A glycosylated hemoglobin test (HbA1c) is a blood test that measures the percentage of hemoglobin (a protein found in blood red cells) that has attached to glucose. The higher your blood sugar is, the more that glucose gets attached to your hemoglobin.
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HbA1c shows how high your blood sugar levels have been during the past 3 months.
You will be asked to sit. An area inside your elbow will be cleaned with an antiseptic wipe. A large band will be tied around your arm. The needle will then be inserted into a vein. A tube will collect the blood from the needle. The band on your arm will be removed. After all the blood is collected, the needle will be removed. Some gauze will be placed over the site to help stop bleeding. You may also be given a bandage to place over the site. The process takes about 5-10 minutes.
Apply pressure to the site until bleeding stops.
Less than 5 minutes
It may hurt slightly when the needle is inserted.
If your HbA1c levels are high and you have never been diagnosed with type diabetes talk to your doctor about what to do next
Talk to your doctor about what goal is right for you. If your HbA1c levels are high, you may need a change in treatment, such as:
Talk with your doctor about when you should be tested again.
American Diabetes Association
National Diabetes Education Program
Canadian Diabetes Association
American Diabetes Association. Standards of medical care in diabetes—2014. Diabetes Care. 2014 Jan;37 Suppl 1:S14-80.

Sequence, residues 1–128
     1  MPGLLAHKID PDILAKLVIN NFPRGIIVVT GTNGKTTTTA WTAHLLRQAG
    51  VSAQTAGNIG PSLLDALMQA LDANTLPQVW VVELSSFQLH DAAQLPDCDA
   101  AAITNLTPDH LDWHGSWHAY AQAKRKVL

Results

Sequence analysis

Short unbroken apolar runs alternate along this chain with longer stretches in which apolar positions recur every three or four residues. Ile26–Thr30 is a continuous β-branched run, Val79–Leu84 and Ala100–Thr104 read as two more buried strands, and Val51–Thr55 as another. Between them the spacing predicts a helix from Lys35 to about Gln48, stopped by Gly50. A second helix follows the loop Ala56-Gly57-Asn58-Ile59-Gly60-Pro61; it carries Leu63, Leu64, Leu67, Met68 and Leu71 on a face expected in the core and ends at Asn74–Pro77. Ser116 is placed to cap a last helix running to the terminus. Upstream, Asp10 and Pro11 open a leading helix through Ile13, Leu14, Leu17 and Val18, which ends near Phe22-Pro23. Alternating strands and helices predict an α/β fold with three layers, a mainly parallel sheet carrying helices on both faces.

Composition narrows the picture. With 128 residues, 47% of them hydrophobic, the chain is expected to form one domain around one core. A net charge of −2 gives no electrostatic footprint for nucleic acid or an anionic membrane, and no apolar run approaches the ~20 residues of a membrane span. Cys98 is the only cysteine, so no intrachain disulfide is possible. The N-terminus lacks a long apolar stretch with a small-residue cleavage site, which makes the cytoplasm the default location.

Diabetes mellitus type 1. Available at: http://www.dynamed.com/topics/dmp~AN~T116244/Diabetes-mellitus-type-1. Updated May 31, 2017. Accessed August 29, 2017.
Glycemic control monitoring. Available at: http://www.dynamed.com/topics/dmp~AN~T114088. Updated May 31, 2017. Accessed August 29, 2017.
HbA1c measurement. Available at: http://www.dynamed.com/topics/dmp~AN~T900926/HbA1c-measurement. Updated February 13, 2017. Accessed August 29, 2017.
Last reviewed September 2017 by EBSCO Medical Review Board Michael Woods, MD, FAAP
Please be aware that this information is provided to supplement the care provided by your physician. It is neither intended nor implied to be a substitute for professional medical advice. CALL YOUR HEALTHCARE PROVIDER IMMEDIATELY IF YOU THINK YOU MAY HAVE A MEDICAL EMERGENCY. Always seek the advice of your physician or other qualified health provider prior to starting any new treatment or with any questions you may have regarding a medical condition.
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